The City of Jackson has created relationships with telehealth providers, educational institutions, data networks, and workforce partners to maximize the project’s positive impact.
 

7. As an attendee at the Milken Institute’s Southeastern Opportunity Zone Summit in Jackson, were there any takeaways from the event that have helped inform your work and your approach to the Opportunity Zone program?

One of my biggest takeaways from the Opportunity Zone Summit was understanding the complexities of the deal structure and the human capital necessary to execute projects. The experience of interacting with professionals who have executed OZ projects was invaluable. The City used this experience to begin building a team to execute OZ projects. 

This team included a new Deputy Director for Economic Development, a Deputy Chief Administrative Officer for building projects, and a long-range planning group.
 

8. How has the pandemic affected projects, investors, and funding in Opportunity Zones in your region over the last six months? Looking forward, how can Opportunity Zones act as a tool for advancing an economic recovery?

The pandemic has caused the City to pause on our rural broadband Opportunity Zone project; however, the refocusing on Jackson Public Schools has created the infrastructure for the faster growth of the OZ project. Creating a WISP and ISP will provide a scalable framework for the [long-term/expanded] OZ project and allow the proposed transmission line to connect rural communities to the internet immediately. The City believes that the current focus will supercharge OZ broadband projects, post-COVID.
 

9. How is Jackson helping to facilitate a robust pipeline of investable projects?

The City of Jackson has aligned its resources to design investible projects and create market signals to encourage private investments in our market. The direct investments align City projects (such as the rural broadband network) with external investors. Examples of investment opportunities initiated through private partners may be observed through partnerships with the Jackson Redevelopment Authority (JRA) and private investors in the City.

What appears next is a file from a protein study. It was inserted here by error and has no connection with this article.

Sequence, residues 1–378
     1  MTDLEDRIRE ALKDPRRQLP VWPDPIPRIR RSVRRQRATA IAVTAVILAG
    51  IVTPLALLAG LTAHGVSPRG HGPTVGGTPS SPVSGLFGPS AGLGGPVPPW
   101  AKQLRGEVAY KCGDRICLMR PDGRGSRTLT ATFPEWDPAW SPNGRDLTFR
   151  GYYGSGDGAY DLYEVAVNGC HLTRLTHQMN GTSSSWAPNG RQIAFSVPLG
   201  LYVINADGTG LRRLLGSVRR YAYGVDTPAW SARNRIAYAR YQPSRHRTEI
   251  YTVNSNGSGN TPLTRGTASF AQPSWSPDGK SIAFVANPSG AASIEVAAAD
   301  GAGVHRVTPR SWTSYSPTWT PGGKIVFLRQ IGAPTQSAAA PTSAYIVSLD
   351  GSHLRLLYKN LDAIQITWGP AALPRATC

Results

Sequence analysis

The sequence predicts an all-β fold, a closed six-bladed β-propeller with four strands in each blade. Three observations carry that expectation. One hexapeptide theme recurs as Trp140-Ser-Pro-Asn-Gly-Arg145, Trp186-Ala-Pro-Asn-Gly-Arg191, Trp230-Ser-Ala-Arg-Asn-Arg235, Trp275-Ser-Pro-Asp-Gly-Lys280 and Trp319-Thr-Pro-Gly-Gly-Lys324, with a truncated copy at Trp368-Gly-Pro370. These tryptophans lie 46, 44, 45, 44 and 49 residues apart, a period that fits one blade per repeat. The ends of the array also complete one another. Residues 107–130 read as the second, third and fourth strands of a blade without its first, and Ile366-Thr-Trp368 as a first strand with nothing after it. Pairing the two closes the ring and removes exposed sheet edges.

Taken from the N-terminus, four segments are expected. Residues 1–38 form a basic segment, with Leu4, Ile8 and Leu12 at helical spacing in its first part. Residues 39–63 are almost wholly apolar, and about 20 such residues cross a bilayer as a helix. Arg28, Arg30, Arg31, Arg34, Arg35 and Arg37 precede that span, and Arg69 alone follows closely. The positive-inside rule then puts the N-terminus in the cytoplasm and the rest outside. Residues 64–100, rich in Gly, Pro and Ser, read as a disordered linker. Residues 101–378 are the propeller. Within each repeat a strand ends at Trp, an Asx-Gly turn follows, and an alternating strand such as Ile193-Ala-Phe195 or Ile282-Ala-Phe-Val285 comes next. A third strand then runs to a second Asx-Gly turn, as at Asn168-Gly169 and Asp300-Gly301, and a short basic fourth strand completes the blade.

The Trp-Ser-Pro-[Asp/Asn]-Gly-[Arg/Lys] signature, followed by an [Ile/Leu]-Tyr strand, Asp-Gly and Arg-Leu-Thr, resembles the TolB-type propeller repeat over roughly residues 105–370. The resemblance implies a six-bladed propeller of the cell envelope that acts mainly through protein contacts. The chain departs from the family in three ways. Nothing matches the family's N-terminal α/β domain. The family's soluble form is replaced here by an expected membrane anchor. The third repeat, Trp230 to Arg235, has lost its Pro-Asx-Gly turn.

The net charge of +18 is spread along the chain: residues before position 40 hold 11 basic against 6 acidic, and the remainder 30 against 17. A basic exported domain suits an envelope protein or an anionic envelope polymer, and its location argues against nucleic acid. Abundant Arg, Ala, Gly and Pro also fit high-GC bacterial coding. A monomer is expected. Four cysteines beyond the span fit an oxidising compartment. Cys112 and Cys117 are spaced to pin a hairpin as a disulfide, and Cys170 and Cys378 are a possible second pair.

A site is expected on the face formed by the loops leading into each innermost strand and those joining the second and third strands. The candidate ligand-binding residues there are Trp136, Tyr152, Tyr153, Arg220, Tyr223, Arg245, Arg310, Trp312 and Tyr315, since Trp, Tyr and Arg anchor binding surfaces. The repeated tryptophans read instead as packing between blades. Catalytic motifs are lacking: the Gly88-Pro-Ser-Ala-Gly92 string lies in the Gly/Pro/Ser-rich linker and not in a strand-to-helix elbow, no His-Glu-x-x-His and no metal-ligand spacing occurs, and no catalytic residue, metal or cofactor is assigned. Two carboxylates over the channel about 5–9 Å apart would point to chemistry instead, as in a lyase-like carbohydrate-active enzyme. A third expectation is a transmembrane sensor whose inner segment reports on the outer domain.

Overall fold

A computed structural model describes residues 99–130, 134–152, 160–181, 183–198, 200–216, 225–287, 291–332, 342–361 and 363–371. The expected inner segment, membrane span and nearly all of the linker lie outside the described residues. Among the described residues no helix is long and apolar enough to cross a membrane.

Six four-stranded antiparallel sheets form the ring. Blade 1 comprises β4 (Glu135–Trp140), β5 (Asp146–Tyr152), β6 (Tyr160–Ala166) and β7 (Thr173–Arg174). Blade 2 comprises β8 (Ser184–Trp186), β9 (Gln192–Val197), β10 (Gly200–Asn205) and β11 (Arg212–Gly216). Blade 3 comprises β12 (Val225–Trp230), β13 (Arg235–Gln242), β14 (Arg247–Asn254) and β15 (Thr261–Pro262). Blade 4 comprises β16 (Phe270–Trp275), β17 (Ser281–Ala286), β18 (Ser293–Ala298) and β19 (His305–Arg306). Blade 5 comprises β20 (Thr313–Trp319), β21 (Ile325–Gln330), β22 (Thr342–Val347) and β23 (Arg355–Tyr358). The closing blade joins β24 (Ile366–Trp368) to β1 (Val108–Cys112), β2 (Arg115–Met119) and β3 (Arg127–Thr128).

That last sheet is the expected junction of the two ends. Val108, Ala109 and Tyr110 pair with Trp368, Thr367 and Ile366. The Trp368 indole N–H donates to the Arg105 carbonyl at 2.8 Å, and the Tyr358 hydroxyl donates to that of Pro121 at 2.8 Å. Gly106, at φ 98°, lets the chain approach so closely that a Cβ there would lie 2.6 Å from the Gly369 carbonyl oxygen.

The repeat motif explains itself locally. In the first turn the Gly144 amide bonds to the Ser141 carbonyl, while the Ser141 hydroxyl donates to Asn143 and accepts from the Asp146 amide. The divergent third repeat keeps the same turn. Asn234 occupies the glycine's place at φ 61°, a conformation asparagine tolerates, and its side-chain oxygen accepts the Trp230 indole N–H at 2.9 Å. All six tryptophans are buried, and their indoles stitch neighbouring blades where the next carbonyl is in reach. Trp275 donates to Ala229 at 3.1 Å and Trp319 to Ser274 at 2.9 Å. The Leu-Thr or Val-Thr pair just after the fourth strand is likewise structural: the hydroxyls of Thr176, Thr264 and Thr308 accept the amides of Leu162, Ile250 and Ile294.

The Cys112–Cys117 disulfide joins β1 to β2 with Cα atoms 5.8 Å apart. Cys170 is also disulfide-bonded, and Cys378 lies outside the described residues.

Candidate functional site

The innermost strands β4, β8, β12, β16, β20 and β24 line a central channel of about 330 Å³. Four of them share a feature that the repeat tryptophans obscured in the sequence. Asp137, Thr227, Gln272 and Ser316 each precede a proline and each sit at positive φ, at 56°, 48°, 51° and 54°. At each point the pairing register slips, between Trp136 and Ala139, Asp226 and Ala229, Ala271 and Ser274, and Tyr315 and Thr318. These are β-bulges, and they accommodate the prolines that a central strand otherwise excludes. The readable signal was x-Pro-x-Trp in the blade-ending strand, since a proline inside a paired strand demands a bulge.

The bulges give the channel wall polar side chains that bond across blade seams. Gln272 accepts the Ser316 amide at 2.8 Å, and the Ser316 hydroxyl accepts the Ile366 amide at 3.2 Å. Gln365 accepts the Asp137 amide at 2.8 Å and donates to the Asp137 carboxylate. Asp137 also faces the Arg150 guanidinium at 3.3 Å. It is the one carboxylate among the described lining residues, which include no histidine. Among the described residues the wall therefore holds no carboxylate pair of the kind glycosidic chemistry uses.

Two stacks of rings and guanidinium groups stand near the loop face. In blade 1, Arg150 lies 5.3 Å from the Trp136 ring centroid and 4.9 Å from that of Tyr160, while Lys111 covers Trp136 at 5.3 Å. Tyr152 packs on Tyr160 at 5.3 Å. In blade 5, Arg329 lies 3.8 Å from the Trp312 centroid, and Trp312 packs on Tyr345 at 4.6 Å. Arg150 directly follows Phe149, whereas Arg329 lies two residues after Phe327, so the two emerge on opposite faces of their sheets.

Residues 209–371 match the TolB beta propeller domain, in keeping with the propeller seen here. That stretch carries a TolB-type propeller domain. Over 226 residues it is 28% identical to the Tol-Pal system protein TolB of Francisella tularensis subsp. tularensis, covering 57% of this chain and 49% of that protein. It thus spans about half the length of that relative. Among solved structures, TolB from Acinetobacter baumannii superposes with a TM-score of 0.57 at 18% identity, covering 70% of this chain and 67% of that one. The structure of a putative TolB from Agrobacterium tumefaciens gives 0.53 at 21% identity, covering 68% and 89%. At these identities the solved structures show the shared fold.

10. What should the typical public sector leader, in Mississippi or elsewhere, know about the Opportunity Zone program? How might their current program spending be affected by increased investment levels, and how will constituents who live or work in designated Opportunity Zones be affected?

Public sector leaders need to understand the potential that the Opportunity Zones present as a tool for investment in communities that have been underinvested. One of the greatest considerations is an investment in expertise, either internal to the organization or in partnerships or consultancy, to properly scale and execute Opportunity Zone projects. In my conversations with municipal leaders, there has been much confusion and misunderstanding of the OZ tool. Connecting these municipalities with deal jockeys and financial deal structures is important. I believe this is a prerequisite for any reorganization of spending plans.
 

11. Looking out ten years, what would a successful execution of the Opportunity Zone program look like in Jackson?

I see the revitalization of Jackson’s rich culture and artistry interwoven throughout a high-technology downtown core that promotes inclusivity and multigenerational activities for residents and visitors. Food, arts, culture, living, and working intertwined with a relaxed southern vibe. 

This kind of vitality is the hallmark of a thriving urban environment. The robust rural broadband network will create both external and internal interest and investment. The new high-speed broadband enterprise connecting all institutions, government, and businesses throughout the City will establish the Capital City of Jackson as a place for tourism, family living, and new businesses that will bring economic stability and strength to Jackson. With the successful execution of opportunity zone projects, this is what Jackson will look like in ten years.
 

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Published December 4, 2020